In January 2011, Queensland had devastating and deadly floods. The Premier at the time Anna Bligh gave a rallying call to all Queenslanders that inspired and encouraged a nation. She appealed to the tenacious survivor spirit to rise above the waters. In my own state this week a natural disaster has been treated like a political football. Here is a speech Anna might have given if she was in South Australia this week.

 

Mother Nature rules, and at times like this we are reminded her place in the scheme of things. While we might tame her and guide her to use her energy to keep us warm, safe, fed and housed – there are going to be times when that is not going to happen. This is one of those times. There have been more than 80,000 lightning strikes this afternoon and evening. Electricity towers designed to withstand all weather conditions we normally face here in South Australia could not withstand the cyclonic forces and while over 90% stood tall those that fell over tripped the national grid. This safety measure ensured we could all get power restored as quickly as humanly possible – and there’s the rub – even the super human efforts of our super hero emergency service workers facing the elements of wind, rain and hail, will not get everyone back up with power within a few hours. I am so proud of the efforts and goodwill of South Australians. Despite traffic lights being out all across our capital city not one single accident was reported. This is an astonishing testament to the social cohesion in our community – in times of trouble we respect each other and give way so we all get home safely.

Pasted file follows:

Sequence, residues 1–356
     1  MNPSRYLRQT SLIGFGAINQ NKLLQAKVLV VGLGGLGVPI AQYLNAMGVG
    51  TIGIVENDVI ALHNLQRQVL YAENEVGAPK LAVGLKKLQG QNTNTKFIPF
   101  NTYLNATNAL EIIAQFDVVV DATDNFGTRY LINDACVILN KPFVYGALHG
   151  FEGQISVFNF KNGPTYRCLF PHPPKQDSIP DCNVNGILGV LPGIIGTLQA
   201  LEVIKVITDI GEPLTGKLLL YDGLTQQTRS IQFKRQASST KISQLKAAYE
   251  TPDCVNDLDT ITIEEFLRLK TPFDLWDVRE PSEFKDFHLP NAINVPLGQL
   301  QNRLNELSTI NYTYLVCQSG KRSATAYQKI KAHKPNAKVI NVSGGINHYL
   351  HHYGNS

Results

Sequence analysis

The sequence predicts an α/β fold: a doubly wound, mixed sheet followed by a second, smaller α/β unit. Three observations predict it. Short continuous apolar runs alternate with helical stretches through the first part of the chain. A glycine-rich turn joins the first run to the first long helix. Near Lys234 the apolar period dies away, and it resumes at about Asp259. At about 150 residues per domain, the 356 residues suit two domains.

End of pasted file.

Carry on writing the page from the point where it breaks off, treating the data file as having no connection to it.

While the grid and connectors are being restored, I am calling on my political allies and colleagues from all persuasions to step up and join me in congratulating our ability as a State to rise to this challenge and keep the lights on.  Let us suspend judgement on why this happened and get the facts first, to look at them in the clear light of day, with a clear head, before we go jumping to conclusions, pointing fingers and worst of all blaming our commitment to renewable energy and being brave enough to work with the power freely given to us by Mother Nature, and while we are all still learning how to manage a national system.